‘You have set us free from slavery,’ say unemployed workers indebted to kiln owners
by Shafique Khokhar

Thanks to the generosity of some AsiaNews readers, 52 families were helped to pay off their debt to kiln owners who had forced them to work as slaves. Now their children can go to school and are no longer forced to pay for their parents' debt. Some of them told their stories.


Faisalabad (AsiaNews) – “You have set us free from slavery. Thank you, really!” said Boota Masih, an unemployed brick worker in Kamalpur.

His tears and sobs express his gratitude to AsiaNews and its associates, who paid off the debt that tied him and other six families to the kiln factor owner who had forced them to work for him for years.

Everyone in these families had to work, even the children, who were thus unable to go to school. The idea of paying off their debt came from some AsiaNews readers, after they read about their situation.

“Now I can think of going back to my village with my family and do some other work,” said Boota Masih. “Working in the brick factory was very hard for me and even harder for my wife. I'd been working there for the last 10 years.

“I only have a three-year-old son, but we couldn't give him much care because my wife and I had to work all the time to pay our debt in order to send our son to school. But unfortunately we could not repay even 1,000 rupees; indeed, during this COVID crisis (with the factory closed), we had to take on even more debt.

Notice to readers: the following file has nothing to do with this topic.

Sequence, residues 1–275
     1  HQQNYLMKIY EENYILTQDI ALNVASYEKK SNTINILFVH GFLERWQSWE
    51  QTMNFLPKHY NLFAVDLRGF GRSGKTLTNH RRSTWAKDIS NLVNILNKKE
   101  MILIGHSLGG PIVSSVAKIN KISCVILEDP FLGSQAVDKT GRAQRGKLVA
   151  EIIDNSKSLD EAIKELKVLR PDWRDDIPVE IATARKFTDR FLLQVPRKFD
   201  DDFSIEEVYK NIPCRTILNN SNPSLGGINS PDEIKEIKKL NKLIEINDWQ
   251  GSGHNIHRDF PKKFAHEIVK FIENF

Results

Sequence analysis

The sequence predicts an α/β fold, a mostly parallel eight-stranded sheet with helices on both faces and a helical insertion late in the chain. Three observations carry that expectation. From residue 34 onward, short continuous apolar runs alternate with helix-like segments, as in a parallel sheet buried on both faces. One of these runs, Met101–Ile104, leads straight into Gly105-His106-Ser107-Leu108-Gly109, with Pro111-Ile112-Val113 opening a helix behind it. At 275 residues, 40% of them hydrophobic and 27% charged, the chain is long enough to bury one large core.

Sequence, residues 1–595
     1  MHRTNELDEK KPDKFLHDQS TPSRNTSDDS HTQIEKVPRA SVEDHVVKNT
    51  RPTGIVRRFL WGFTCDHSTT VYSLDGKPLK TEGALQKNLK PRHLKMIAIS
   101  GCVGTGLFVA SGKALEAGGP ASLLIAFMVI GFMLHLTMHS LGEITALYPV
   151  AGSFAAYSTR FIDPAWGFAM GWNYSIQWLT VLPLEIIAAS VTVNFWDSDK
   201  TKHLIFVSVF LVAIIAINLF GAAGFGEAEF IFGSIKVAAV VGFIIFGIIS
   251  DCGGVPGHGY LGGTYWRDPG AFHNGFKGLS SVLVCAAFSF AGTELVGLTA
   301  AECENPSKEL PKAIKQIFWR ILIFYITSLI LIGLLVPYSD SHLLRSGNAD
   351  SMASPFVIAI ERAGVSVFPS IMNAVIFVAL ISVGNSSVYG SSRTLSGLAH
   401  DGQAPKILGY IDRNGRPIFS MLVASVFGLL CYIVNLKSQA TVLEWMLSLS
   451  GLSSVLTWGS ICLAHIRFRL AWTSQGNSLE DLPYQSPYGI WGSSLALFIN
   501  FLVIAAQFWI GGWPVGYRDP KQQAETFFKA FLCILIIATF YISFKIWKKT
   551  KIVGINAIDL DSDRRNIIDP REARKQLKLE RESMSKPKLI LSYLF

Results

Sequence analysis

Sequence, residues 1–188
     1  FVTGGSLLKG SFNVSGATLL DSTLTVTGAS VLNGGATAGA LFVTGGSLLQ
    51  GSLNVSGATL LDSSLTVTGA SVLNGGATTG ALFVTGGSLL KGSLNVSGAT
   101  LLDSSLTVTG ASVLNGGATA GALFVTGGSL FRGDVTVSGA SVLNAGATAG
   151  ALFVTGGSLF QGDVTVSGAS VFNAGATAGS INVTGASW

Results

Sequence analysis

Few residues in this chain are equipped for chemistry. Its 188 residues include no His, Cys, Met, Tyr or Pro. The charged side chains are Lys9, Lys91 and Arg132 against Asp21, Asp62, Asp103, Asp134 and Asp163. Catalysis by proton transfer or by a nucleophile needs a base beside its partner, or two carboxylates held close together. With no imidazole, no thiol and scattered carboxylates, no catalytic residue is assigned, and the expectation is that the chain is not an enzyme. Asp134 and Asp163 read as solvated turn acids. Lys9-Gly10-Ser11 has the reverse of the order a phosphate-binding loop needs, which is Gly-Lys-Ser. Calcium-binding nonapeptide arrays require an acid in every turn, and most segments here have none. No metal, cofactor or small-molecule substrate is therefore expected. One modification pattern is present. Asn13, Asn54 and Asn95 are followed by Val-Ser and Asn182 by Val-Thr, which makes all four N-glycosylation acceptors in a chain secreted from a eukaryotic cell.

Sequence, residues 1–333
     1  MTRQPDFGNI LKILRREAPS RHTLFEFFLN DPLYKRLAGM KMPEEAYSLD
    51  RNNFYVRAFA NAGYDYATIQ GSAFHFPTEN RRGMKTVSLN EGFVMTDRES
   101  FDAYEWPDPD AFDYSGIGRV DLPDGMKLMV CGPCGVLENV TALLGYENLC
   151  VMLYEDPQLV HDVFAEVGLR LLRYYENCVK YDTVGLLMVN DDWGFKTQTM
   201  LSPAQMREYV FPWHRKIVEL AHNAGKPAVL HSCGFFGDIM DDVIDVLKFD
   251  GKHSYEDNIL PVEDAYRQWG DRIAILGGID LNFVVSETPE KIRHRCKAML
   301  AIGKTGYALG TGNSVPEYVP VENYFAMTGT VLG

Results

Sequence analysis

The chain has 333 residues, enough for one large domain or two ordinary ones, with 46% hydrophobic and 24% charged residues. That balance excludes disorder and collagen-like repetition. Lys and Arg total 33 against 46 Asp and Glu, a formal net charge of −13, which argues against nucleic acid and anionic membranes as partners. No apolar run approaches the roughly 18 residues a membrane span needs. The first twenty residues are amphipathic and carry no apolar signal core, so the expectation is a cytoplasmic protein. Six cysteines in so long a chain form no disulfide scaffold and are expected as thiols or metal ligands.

“Now thanks to you, I have repaid the debt of 125,000 rupees (US$ 800), and I will be able to work so that my son has a brighter future. I'm really full of joy and happiness today. Now I'm going to go home and kiss my son and say: ‘Now you're free! Now you're free!’”

AsiaNews launched its campaign before Christmas with a pledge to donate food and winter clothing to members of 52 families working in kilns. Due to the winter and COVID-19, factories closed and people have not received wages for months.

Poverty has driven them to borrow from their employers, making them slaves to this type of work – considered among the lowest in the country – for generations.

After the first donations in December and January, some readers said they were willing to cover all the debt the 52 families had with their employers. Thanks to their generosity, two days ago the debt was paid off for the first seven families.

Fr Waseem Walter, parish priest in Kamalpur, is helping out. “Today I witness a great thing. Thanks to AsiaNews, its associates and readers, you are making a really great gift. Until now, I'd seen someone or some organisation paying off the debt of kiln workers. But they only freed two or three of them. Instead, you are doing something 'historic', paying off the debt of 52 families.”

“All those who got involved in this work are to be congratulated. These families are now free; they will be able to change jobs; they can go somewhere else... But above all, they will have the opportunity to send their children to school, to receive an education so that they will not be forced to work and be slaves in kilns. These families and I are really happy and moved. Thank all of you who set them free.”

Liaquat Masih's debt was also paid off today. He used to work in a kiln for more than 10 years, along with his three daughters, who are also worked in bricks after Liaquat got ill and was unable to work alone.

“We had a debt of 90,000 rupees (US$ 570). We worked hard, but we couldn't send our daughters to school. Now that the debt is paid, we can send them to school so they have an education that will brighten their future.

“Now that our debt has been paid, they will give us a full wage and I am sure my family will be able to thrive. Thank you all very much. Hallelujah!”